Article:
UNIVERSITY NEWS LAST UPDATED : 06 FEBRUARY
Landscape architecture and design students from Birmingham City University swapped lecture halls for the top deck of a brand new all-electric National Express bus this week, tracing the famous number 11 Outer Circle route with social historian Carl Chinn.
The journey, organised by the University’s Professor of Landscape Architecture Kathryn Moore in partnership with National Express West Midlands and Transport for West Midlands, gave the 20 second-year Architecture, Interior Design and Landscape Architecture students an opportunity to see the city from a unique viewpoint as part of a 10-week academic challenge to reimagine Birmingham.
Aboard a sleek new Platinum 2 - on its first passenger-carrying journey – the students, accompanied by staff from the University, were treated to a bespoke tour of the city from Carl Chinn, looking at geographic, topographic, cultural, social and economic features of the 27-mile loop.
The study of the city using the bus route is being carried out as part of the West Midlands National Park (WMNP) project, launched in 2018 at Birmingham City University. The WMNP Lab is a pioneering collaborative and cross-disciplinary project in the University’s Faculty of Arts, Design and Media.
The bus, part of a new fleet commissioned by National Express West Midlands for Coventry, followed the regular route of the 11 bus, taking in many styles of architecture and examples of town planning, as well as passing city landmarks including Cadbury’s sprawling Bournville factory, Sarehole Mill, Moseley Bog, HMP Birmingham, Villa Park and even the site of the first ODEON cinema in the world.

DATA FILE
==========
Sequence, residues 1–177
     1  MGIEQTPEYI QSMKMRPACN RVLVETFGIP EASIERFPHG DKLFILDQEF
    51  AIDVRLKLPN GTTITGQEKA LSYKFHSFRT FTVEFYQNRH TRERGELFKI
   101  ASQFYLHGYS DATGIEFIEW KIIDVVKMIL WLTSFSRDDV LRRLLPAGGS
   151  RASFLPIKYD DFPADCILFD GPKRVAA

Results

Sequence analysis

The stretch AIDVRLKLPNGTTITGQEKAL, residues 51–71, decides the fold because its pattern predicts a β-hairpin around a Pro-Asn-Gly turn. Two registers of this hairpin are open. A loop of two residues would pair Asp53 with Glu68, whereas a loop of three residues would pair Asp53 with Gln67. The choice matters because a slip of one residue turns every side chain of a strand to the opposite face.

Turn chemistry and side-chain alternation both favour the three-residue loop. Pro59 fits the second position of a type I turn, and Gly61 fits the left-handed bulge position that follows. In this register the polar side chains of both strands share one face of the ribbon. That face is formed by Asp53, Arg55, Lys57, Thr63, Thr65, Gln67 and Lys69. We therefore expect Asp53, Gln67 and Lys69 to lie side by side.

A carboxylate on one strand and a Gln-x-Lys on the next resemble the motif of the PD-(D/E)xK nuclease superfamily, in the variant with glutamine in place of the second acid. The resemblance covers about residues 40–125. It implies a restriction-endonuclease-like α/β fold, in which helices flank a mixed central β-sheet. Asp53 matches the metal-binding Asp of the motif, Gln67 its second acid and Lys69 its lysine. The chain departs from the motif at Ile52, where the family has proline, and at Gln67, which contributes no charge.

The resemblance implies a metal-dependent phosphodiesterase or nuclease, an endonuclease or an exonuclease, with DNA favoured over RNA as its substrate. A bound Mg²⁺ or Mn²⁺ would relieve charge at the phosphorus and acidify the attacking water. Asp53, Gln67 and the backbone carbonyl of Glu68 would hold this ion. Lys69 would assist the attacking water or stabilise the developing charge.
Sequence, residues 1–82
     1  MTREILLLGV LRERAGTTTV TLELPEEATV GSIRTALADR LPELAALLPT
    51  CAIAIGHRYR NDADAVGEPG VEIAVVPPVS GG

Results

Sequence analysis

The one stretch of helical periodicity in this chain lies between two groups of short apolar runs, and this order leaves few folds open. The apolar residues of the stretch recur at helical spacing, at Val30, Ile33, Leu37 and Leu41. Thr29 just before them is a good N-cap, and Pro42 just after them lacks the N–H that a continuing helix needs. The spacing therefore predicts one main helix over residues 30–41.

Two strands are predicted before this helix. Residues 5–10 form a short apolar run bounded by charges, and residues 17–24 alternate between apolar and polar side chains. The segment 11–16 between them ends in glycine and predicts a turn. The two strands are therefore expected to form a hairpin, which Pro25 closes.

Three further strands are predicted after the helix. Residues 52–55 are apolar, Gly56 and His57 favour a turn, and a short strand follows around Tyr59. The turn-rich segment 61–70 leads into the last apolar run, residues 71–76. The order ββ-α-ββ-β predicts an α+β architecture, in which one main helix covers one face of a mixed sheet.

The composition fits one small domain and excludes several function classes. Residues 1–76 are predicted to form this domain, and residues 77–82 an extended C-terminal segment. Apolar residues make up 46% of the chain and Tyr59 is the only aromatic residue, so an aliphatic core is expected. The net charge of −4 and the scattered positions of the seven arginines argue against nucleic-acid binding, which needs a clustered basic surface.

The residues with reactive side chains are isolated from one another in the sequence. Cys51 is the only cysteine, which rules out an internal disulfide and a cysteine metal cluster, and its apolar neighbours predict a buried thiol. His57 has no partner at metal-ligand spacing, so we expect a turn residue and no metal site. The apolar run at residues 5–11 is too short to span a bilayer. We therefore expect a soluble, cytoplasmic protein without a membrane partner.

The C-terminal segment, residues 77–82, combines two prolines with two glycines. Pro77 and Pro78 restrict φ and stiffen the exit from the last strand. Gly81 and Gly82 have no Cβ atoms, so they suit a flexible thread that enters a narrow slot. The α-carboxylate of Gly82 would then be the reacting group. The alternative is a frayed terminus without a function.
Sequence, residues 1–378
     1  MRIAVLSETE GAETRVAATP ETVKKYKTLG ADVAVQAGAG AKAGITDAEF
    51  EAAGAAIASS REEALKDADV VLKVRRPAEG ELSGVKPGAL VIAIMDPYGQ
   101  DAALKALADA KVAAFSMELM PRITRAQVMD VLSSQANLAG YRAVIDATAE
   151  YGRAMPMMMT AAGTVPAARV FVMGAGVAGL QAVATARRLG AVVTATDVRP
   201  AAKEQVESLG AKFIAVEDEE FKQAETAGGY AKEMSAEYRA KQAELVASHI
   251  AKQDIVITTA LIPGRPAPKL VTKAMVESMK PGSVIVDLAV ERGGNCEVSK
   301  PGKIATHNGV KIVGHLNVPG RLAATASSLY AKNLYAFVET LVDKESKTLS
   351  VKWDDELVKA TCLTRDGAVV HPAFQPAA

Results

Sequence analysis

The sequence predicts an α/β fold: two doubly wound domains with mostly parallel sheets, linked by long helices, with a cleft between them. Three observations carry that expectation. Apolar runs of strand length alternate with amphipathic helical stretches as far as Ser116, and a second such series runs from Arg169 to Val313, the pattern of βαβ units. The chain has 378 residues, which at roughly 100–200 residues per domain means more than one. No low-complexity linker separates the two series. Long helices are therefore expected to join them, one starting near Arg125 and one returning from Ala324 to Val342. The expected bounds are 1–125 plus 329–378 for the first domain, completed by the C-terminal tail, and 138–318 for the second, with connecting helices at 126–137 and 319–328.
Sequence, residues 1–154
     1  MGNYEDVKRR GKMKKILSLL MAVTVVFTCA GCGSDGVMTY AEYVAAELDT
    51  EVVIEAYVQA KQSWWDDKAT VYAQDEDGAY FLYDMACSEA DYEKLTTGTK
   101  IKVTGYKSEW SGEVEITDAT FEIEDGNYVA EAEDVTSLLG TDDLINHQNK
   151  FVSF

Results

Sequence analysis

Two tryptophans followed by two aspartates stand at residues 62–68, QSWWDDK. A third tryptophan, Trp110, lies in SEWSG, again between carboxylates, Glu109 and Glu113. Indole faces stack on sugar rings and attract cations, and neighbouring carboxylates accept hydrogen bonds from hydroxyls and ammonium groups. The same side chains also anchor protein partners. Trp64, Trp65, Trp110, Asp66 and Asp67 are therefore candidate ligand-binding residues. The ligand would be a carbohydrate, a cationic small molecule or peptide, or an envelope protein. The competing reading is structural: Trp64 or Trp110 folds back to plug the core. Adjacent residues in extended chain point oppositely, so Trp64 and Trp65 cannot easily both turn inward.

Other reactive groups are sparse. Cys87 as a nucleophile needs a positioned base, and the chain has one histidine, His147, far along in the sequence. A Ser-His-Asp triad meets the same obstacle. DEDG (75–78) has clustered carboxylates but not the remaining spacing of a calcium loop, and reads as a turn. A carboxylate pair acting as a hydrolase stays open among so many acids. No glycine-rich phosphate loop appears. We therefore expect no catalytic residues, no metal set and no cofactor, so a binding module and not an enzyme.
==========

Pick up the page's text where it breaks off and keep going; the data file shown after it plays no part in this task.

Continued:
Professor Kathryn Moore said: “It’s an incredible way to kickstart the whole project, especially as not many of the students will have been all the way around on the 11 before and may not have seen all of Birmingham yet.
Birmingham’s three rivers, the Cole, Tame and Rea, along with many of its brooks and tributaries, featured in the tour which saw the all-electric Platinum 2 vehicle in the safe hands of National Express West Midlands driver Tony Hunter, who first drove the 11 Outer Circle route in 1985.
Of particular interest to the students were various styles of architecture represented by buildings along the journey, spanning over 300 years, including medieval, Georgian, Victorian, Edwardian, inter and post-war, industrial, and contemporary.
Social historian Carl Chinn said: “It’s important for students both from inside and outside Birmingham to see the city as it is. You can do that in several ways – from the number 8 route for the inner city, or the number 11 for what us Brummies would call the Outer Circle, as the route encompasses nearly 27 miles of Birmingham’s landscapes, history, and peoples.”
The number 11 bus route has played an essential role in the social and cultural fabric of the city since being established in 1923. Recognised as one of the longest urban bus routes in Europe, the 11 bus and its route has been immortalised in song and dance and documented in books and prose.
Tim Bullock, Head of Partnerships at National Express West Midlands, said: “It’s fantastic that we can partner up with key institutions around the city on events like this; it just goes to show how ingrained the bus service is within the region, and how it’s played a part in Birmingham’s history.
“We’re pleased to have worked with Birmingham City University and Transport for West Midlands on what we hope has been a very useful experience for the students.”